Manson Court Proceedings End With Whimper
Friday, November 19th, 1971
LOS ANGELES, Nov. 19 — Only two seats in the spectator section of the courtroom were occupied Thursday.
They were elderly men with frayed shirt cuffs, the kind who shuffle from one court to another day after day to hear a trial, any trial, to escape from loneliness and boredom and now and then become a vicarious part of the soap opera of other human lives
On the witness stand, a barrel-chested man with bushy grey hair droned into a microphone, reading from a thick sheaf of onion skin paper.
The judge was busy writing in longhand on the bench. The jurors shifted and coughed, gazed at the ceiling, doodled on notepads. The prosecutor sat with his head in his hands. He could have been asleep.
Only if you listened carefully and caught an occasional phrase or name…Spahn Ranch…Leslie Van Houten…Pooh Bear…would it have occurred that this was the last page of the last chapter of the trials of the notorious Charles Manson.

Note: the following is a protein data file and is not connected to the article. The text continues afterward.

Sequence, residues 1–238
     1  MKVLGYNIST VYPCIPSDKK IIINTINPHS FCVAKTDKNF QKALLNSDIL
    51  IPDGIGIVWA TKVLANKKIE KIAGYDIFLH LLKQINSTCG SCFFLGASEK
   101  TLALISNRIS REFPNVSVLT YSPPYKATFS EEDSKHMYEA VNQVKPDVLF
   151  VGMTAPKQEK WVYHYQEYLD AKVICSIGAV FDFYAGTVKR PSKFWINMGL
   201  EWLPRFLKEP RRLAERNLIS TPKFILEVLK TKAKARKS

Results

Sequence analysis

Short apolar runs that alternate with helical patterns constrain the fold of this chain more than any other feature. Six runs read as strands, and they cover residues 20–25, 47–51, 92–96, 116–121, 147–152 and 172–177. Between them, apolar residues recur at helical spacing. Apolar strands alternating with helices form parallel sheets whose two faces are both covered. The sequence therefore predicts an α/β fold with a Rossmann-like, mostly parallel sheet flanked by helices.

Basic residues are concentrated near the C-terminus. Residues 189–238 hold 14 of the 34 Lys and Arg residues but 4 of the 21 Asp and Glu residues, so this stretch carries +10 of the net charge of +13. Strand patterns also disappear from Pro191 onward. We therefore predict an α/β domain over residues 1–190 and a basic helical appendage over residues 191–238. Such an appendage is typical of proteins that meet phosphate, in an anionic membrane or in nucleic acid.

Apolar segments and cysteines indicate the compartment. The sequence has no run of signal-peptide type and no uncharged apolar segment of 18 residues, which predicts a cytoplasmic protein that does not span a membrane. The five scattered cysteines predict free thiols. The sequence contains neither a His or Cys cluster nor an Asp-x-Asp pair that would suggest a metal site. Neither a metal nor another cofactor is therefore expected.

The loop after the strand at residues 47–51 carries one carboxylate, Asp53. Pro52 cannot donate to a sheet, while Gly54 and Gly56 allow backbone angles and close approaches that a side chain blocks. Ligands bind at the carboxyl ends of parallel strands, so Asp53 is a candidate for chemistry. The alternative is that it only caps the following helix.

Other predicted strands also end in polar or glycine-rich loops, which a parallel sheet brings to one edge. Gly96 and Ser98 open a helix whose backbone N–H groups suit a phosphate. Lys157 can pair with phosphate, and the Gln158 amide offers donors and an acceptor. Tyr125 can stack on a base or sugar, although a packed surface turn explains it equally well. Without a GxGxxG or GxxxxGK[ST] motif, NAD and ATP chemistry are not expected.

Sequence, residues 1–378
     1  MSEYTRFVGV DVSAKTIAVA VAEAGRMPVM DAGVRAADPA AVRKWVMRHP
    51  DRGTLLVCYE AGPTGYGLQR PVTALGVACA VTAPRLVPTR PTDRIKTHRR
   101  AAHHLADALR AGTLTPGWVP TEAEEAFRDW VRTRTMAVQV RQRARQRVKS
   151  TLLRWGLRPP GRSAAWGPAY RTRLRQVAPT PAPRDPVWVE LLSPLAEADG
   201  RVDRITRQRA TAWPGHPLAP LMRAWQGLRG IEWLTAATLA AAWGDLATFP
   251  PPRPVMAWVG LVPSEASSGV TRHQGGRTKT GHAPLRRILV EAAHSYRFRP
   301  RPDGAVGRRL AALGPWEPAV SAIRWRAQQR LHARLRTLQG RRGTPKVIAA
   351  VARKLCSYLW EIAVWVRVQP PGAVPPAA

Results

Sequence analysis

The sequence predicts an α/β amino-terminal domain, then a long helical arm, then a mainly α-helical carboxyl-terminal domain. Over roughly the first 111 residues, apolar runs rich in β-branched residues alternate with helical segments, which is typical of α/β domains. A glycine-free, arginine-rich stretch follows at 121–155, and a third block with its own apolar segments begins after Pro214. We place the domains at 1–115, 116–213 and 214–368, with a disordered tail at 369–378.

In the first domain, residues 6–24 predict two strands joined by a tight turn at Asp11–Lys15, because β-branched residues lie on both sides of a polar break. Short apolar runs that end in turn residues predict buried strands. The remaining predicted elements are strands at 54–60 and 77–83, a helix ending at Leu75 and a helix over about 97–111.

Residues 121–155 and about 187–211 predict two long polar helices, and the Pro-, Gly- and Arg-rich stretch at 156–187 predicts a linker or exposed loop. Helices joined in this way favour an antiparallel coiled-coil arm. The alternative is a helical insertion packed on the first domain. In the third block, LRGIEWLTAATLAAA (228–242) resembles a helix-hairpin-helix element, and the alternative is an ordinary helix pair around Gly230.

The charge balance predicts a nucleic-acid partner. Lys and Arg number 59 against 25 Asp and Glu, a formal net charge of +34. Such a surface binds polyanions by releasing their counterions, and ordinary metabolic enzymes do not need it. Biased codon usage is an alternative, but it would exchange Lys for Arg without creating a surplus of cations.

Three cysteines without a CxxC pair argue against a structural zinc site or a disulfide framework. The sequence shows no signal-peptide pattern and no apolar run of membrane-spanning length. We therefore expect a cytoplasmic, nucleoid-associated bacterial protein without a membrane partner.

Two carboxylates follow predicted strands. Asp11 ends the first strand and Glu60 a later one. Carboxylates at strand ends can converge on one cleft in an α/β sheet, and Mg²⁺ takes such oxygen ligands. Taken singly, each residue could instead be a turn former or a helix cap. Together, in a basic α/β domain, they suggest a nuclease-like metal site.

Manson wasn’t even there, though the matter at issue was whether he should get life or a death sentence. It was a moot question, anyway, since he already had been sentenced seven times to the gas chamber at his first trial.
Manson, who celebrated his 37th birthday earlier this week by wearing a vest made of the hair of his “girls,” doesn’t come to his trial these days. He slays in an adjoining holding tank and occasionally shouts an obscenity through a wire grill.
Some day next week the jury will begin deliberations and, no matter their decision, Manson finally will be taken to Death Row at San Quentin to join some 90 other men waiting for a U.S. Supreme Court ruling on the death penalty.
It will be 27 months since the Sharon Tate massacre was emblazoned in the headlines, almost two years and more than $1 million in court costs since the “Family” went to trial.